10. #10
    International Debutant Coronis's Avatar
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    I do like seeing lots of 6's, reminds me of Stick Cricket. Though I get that from ODI's tbh, and T20's require so little skill. Ido enjoy watching Big Bash with mates while pre drinking though.
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  11. #11
    International Captain Niall's Avatar
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    ODI cricket is bottom of the pile for me, I used to be hugely test orientated but as the years have passed, their really isn't that a huge difference in preference regarding tests and t20. Obviously a quality test is amazing e.g the doomed Kohli chase in Australia where all three results were feasible in the final hour, but sadly we also get a lot of one sided blowouts and a test where the result is pretty much established early on which is the absolute pits for me.

    T20 has plenty of one sided matches, but at least they are brief especially when compared to the abysmal West Indies tour of Australia.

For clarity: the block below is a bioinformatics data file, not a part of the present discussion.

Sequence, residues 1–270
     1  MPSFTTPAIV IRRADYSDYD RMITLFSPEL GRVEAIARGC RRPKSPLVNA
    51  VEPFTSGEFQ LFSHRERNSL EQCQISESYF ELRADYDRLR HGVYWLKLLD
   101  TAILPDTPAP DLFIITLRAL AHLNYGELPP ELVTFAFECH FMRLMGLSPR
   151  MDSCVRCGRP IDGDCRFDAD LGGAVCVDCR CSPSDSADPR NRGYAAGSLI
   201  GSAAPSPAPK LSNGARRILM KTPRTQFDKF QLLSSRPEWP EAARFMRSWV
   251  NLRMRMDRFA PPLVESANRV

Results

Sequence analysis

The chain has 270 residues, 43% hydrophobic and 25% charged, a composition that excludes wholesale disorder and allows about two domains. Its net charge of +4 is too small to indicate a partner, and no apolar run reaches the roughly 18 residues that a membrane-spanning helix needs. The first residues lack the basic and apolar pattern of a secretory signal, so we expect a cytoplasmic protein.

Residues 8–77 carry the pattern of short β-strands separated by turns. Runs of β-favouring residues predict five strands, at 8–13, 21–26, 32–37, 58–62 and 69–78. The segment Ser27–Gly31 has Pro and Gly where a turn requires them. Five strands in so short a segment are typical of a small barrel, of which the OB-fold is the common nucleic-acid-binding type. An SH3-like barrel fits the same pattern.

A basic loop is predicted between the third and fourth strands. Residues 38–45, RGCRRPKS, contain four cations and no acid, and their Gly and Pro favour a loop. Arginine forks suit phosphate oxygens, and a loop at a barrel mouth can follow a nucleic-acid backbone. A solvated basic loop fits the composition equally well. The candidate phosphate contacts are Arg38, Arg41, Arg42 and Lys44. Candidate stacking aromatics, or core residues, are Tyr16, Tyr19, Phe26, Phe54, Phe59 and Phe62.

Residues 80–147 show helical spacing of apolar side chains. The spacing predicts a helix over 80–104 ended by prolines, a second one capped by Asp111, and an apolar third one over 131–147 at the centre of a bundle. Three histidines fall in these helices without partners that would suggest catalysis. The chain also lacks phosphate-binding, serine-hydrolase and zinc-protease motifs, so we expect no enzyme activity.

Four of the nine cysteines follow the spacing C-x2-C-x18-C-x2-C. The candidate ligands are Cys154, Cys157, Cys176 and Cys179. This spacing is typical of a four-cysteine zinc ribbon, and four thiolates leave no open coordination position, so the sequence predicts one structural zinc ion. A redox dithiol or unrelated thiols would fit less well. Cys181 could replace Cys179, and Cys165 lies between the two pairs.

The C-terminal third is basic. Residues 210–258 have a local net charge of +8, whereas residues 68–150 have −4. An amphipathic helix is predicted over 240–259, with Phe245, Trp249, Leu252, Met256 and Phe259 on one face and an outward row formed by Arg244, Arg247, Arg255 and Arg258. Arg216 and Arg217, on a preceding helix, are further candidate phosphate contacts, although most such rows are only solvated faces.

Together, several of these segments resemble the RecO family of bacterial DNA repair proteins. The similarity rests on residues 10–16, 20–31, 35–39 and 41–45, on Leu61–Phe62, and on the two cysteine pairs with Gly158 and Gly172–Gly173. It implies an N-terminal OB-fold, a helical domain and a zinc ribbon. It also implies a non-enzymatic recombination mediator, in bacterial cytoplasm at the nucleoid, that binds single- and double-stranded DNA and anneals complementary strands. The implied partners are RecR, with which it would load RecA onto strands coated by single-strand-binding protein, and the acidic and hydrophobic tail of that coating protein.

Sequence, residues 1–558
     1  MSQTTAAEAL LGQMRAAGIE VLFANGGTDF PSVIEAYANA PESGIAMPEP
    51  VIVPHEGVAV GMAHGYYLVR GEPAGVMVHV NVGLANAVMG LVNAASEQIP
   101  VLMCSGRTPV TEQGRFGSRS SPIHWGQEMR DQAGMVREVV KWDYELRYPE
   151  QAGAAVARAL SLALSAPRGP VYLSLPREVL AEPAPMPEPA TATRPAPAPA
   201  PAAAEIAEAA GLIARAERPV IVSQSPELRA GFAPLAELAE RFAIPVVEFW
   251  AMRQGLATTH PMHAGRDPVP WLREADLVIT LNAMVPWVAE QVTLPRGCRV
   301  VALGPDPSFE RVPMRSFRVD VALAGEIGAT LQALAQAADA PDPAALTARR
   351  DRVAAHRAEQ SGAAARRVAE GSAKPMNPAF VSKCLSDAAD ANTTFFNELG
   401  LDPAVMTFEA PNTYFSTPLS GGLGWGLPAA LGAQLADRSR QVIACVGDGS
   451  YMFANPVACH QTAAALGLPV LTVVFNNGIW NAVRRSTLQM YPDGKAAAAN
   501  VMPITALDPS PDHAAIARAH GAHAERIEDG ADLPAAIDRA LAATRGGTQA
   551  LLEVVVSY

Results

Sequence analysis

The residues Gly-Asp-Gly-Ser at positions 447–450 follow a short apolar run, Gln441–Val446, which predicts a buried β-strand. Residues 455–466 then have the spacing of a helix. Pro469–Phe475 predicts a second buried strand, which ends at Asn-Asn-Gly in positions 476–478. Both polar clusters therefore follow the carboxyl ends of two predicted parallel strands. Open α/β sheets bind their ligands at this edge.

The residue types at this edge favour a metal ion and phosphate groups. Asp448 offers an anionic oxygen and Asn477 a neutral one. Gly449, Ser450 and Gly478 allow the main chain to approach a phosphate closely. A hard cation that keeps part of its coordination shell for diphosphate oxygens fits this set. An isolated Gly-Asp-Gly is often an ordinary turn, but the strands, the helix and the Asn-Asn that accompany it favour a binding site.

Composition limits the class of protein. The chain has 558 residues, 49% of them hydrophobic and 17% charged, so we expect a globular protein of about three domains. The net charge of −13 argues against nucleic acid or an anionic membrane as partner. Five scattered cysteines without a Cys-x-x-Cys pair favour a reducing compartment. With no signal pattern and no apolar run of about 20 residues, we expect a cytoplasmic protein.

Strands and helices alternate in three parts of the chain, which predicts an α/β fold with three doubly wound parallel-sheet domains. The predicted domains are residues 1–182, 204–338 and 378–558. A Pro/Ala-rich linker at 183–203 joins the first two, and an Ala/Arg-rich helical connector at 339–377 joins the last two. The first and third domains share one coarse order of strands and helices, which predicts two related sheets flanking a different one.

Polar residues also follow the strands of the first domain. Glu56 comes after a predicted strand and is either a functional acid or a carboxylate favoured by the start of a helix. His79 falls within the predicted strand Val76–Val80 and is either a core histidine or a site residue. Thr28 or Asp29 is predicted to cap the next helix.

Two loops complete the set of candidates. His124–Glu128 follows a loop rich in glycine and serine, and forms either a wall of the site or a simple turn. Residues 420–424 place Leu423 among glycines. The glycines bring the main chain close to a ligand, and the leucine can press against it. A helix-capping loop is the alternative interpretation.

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  12. #12
    Norwood's on Fire GIMH's Avatar
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    Think the above covers it. A close Test is the epitome of pretty much all sports. A close T20 is great and then you go have dinner.

    On the flipside. A shite T20 is shite and then you go have dinner. A shite Test is like reading Jono's autobiography; what's the ****ing point?
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    International 12th Man Kirkut's Avatar